After a summer of study and research at Harvard University in 2010, Eldik wrote an article entitled “Islamophobia: Is She A Terrorist?” which focused on attitudes toward Islam and the media images of Muslims in the United States. “Just as activism, education and legal
“Mr. Eldik is engaging, articulate and passionate,” says Charles L. Robbins, DSW, Vice Provost for Undergraduate Education and Dean of the Undergraduate Colleges and SBU’s Truman Faculty Representative. “His vision of a better world may be ambitious, but I have no doubt that it is something he will spend his life doing.”
Eldik has been recognized by Stony Brook University with the Humanities Institute Undergraduate Research Award and the Tepper Award for the Outstanding Undergraduate in Public Sociology. He has been involved in many significant activities, including working with Jewish and Palestinian youth in Jerusalem in order to facilitate their movement beyond long-simmering hostilities between the groups.
“Wherever you look today, you are confronted with a dramatic increase in intolerance for everything that is seen as ‘different’ or ‘other,’ notes Dr. Robbins, who submitted the institutional nomination letter in support of Eldik to The Harry S. Truman Scholarship Foundation. “This is especially true in the overt expressions of Islamaphobia. Mr. Eldik recognizes the power of education and believes he can use education to change the views of young people throughout New York City and beyond. He wants to demonstrate the ability to change the world one young person at a time.”
A 2008 graduate of Kings Park High School, Mr. Eldik is pursuing a double major in Psychology and Sociology at Stony Brook University. A Global Studies Fellow and Student Ambassador he is also currently President of SBU’s Science and Society Council.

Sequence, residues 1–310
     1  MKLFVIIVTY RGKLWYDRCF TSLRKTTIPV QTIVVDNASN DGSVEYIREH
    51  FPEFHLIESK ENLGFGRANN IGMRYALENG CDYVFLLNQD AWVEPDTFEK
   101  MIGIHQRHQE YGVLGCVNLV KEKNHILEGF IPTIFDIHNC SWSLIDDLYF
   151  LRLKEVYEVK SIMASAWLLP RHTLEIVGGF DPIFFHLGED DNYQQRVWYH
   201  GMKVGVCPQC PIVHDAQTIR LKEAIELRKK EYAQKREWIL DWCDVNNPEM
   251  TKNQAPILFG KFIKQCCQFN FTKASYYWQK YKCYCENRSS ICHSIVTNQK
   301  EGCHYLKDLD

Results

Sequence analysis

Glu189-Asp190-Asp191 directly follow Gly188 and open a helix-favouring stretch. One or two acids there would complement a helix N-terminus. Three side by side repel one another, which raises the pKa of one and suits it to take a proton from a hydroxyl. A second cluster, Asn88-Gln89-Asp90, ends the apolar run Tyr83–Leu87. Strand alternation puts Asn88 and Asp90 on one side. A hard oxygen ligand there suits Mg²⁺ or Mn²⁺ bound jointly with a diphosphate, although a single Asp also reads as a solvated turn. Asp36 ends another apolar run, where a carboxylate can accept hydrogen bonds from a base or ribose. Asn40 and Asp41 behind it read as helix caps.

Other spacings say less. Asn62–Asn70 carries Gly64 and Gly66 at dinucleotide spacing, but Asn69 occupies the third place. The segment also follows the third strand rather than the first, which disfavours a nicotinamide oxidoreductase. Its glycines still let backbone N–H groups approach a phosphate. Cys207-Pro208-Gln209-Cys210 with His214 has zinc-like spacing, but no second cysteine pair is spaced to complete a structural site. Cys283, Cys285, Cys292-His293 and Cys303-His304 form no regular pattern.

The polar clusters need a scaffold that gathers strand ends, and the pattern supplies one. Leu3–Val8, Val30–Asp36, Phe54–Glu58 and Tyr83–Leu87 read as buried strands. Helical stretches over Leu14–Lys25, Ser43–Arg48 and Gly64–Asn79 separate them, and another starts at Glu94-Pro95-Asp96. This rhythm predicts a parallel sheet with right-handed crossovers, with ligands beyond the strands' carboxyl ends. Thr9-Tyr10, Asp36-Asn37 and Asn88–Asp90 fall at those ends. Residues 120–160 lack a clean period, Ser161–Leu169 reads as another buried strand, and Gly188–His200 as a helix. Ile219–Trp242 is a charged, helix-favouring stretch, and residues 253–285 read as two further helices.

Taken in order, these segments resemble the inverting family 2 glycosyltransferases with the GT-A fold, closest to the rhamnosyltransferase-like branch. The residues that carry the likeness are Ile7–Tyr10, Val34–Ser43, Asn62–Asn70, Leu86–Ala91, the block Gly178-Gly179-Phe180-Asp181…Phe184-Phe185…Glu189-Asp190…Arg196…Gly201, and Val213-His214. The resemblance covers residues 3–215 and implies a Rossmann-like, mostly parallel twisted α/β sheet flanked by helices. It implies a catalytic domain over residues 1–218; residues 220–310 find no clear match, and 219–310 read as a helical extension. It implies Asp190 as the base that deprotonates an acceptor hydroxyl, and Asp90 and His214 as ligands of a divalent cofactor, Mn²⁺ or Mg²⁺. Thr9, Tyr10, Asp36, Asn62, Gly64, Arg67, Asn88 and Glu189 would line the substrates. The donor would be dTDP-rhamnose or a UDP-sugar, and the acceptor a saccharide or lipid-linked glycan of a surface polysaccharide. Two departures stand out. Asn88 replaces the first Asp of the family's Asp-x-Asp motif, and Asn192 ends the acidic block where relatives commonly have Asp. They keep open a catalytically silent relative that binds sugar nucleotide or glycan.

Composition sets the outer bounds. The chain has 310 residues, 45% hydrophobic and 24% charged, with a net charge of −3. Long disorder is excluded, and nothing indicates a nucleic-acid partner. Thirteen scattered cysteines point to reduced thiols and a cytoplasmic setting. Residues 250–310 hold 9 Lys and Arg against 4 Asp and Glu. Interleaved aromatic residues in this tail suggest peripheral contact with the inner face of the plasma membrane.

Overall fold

About the Harry S. Truman Scholarship Foundation
Dedicated to education and public service, President Truman often spoke about the importance of promoting young leaders, and envisioned a program for students that would encourage educated citizenship and political responsibility. The foundation was established by Congress in 1975 as the federal memorial to America’s 33rd President.
Each year hundreds of college juniors compete for roughly 60 awards. The rigorous selection process requires that good candidates have a strong record of public service, as well as a policy proposal that addresses a particular issue in society. Firmly rooted in President Truman’s belief that education promotes the general welfare of our country, the Truman Scholarship remains committed to encouraging future “change-agents” of America. Many of those chosen as scholars go on to serve in public office, as public defenders, leaders of non-profit organizations and educators.
Truman Scholars Leadership Week, held at William Jewell College in Liberty, Missouri, introduces new Scholars to the services provided by the Foundation and the many pathways to public service. Scholars participate in seminars and workshops with distinguished Truman alumni and other public service leaders. Immediately after college graduation, scholars have the opportunity to participate in a ten-week Summer Institute in Washington, DC. The Foundation arranges internships with government agencies and nonprofit organizations, seminars and workshops, meetings with Washington policymakers and Truman alumni, and opportunities for community building among Scholars. After Summer Institute, Scholars may elect to stay on in Washington, DC for a full year in the Truman Fellows Program. Scholars are placed in public service jobs – most with the federal government – while participating in a graduate level public policy course, mentoring opportunities, and a community service program.